This article was published in Australian Dictionary of Biography, Volume 11, (MUP), 1988
This is a shared entry with John Shearer
John Shearer (1845-1932) and David Shearer (1850-1936), agricultural machinery manufacturers and inventors, were two of the five sons of Peter Shearer, stonemason and blacksmith, and his wife Mary, née Kirkness. John was born on 9 September 1845 and David on 7 November 1850 in the Orkney Islands, Scotland. The family migrated to South Australia in 1852, living in Port Adelaide, Robe and, later, Clare where the brothers were educated.
After an apprenticeship with Hanlon & Co., blacksmiths, John started a blacksmith's business at Mount Torrens. There, on 15 July 1871, he married 15-year-old Mary Jane Watkins. Later he joined J. G. Ramsay & Co., agricultural implement-makers, Mount Barker, and in 1876 started a smithing business at Mannum on the River Murray, repairing paddle-steamers and farmers' implements and shoeing horses.
At 14 David attended Joseph Cole's Stanley Grammar School for a year, paying his fees with wages saved from two years as a farm-hand. In 1865-67 he helped his brother William, a blacksmith at Leasingham, then spent two years as an improver at James Ramsay's Clare branch; later he worked for Adamson & Co., Auburn, at wagonbuilding. After eighteen months in John's business at Mount Torrens, he was with Strike & Short, wagonbuilders and blacksmiths, Rice Creek, a firm which he bought in 1874. In 1877 David joined John in partnership at Mannum. On 28 February 1883 in Adelaide David married Mary Elizabeth Williams.
Farmland covered with mallee and native pine had to be cleared; farmers needed tough, durable equipment and supported the Shearers who made grubbing machines and fixed ploughs, scarifiers, harrows and strippers. In 1883 importers, other South Australian farm-implement manufacturers, and steamboat owners tried to prevent the Shearers from using up-river transport; the brothers were forced to subsidize the steamers to retain their fair share of river trade. This encouraged them to find markets further afield. In 1887 Shearers' advertised a 'Patent Fourfarrow Light Stump Jump Plough … Foremost in S.J.P. design since 1878'. In 1888 John invented wrought-steel ploughshares, which were patented throughout Australasia; these were an improvement on the brittle cast-iron shares in general use. In 1897 he visited the Meadows Steel Co. in England to consult them about the production of a resilient steel—this was known as Resilflex and 'became the backbone of all future Shearer implements'. By 1902 a lighter, stronger stripper, with a wider cut, and farm wagons were being manufactured.
To escape the heavy transport costs from Mannum to Adelaide, the firm opened a branch at Kilkenny in 1904; John and his three sons ran it, the eldest son John Albert being manager. This factory started with twelve men who produced three ploughs a week. The Mannum partnership ended in 1910, David and his two sons remaining there and John retaining the Kilkenny branch, adding tillage implements to production of ploughs. In 1923 John, chairman of directors, and his sons (directors) converted their partnership into a limited company.
John Shearer died on 9 August 1932 at his Kilkenny home, survived by his wife, four daughters and three sons. He was buried in Mitcham cemetery and his estate was sworn for probate at £15,980. A stocky, red-bearded, gruff man, he believed that 'soil is wealth, neither to be hoarded nor squandered. Land worked wisely is what we need', and he adhered to his motto, 'Work is life and idleness is death'. In 1952 the Shearer organization became a public company which was taken over by Arrowcrest Group Pty Ltd in 1987.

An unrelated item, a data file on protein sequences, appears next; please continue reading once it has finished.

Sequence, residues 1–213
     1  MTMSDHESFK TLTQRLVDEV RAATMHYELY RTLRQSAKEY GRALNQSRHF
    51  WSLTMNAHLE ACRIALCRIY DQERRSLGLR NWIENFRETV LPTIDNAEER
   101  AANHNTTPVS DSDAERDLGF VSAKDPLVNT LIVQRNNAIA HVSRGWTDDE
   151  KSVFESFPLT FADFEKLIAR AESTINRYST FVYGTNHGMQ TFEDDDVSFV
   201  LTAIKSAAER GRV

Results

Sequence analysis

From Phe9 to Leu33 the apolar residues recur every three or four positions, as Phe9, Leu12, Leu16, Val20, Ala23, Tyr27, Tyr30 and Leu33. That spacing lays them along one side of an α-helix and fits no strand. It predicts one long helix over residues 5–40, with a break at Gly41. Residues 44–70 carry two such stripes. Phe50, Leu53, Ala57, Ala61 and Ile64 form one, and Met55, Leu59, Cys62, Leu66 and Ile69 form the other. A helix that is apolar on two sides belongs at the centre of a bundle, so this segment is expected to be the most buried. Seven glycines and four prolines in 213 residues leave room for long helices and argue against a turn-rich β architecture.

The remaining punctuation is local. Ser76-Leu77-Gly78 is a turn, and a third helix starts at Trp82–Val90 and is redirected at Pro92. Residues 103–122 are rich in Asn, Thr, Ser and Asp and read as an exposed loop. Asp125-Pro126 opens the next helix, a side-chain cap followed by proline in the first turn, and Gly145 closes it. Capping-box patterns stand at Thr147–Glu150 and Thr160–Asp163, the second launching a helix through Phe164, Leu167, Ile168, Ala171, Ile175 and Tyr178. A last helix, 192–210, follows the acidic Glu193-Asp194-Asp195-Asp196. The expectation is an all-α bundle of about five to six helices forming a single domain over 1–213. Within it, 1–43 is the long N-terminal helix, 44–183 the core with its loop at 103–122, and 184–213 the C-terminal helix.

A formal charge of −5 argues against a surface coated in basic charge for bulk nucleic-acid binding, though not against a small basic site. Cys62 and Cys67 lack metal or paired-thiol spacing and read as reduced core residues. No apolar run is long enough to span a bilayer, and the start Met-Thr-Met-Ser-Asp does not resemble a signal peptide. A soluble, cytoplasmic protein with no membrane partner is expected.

In 1904 the Mannum factory concentrated on strippers, wagons, harrows and ploughshares; 1910 saw the completion of another large factory. In World War I David Shearer & Co. made military equipment—munition wagons, stirrups and hames. By 1927 new additions, to accommodate assembling and painting, were added; the firm placed the Header Harvester on the market.
With Harley Tarrant and Herbert Thomson, David Shearer made a major contribution to the independent development of the motor car in Australia. About 1882 he adapted the principle of the differential to a hand-tricycle. About 1885, as a hobby, he began to work on manufacture of a steam-carriage, basing transmission of power from engine to wheels on the stripper-harvester and steering on a principle used for the stump-jump plough. By 1897 he was driving his steam-car round Mannum where most of the mechanism had been manufactured; it would last for trips of 100 miles (161 km) and travel at 15 miles an hour. In 1900 he was allowed to drive it round Adelaide. The restored car is now at the Birdwood Mill Museum.
Regarded as 'Mannum's Grand Old Man' David, thickset, with a mop of sandy hair, was a dreamer with a scientific mind. He joined the New South Wales branch of the British Astronomical Association in 1907 and built his own observatory and telescope. A student of phrenology, he also painted and drew. His religion was Unitarian. He died on 15 October 1936 and was buried in West Terrace cemetery. His estate was sworn for probate at £1858. In 1972 David Shearer Ltd (a limited company since 1922) was taken over by Horwood Bagshaw Ltd.
John and David Shearer had sat on the Mannum District Council for many years, including periods as chairman. In the 1960s at Mannum the John Shearer Memorial Gates were erected and the David Shearer Sports Park opened.
Joyce Gibberd, 'Shearer, David (1850–1936)', Australian Dictionary of Biography, National Centre of Biography, Australian National University, http://adb.anu.edu.au/biography/shearer-david-8526/text14767, published first in hardcopy 1988, accessed online 27 July 2016.
This article was first published in hardcopy in Australian Dictionary of Biography, Volume 11, (MUP), 1988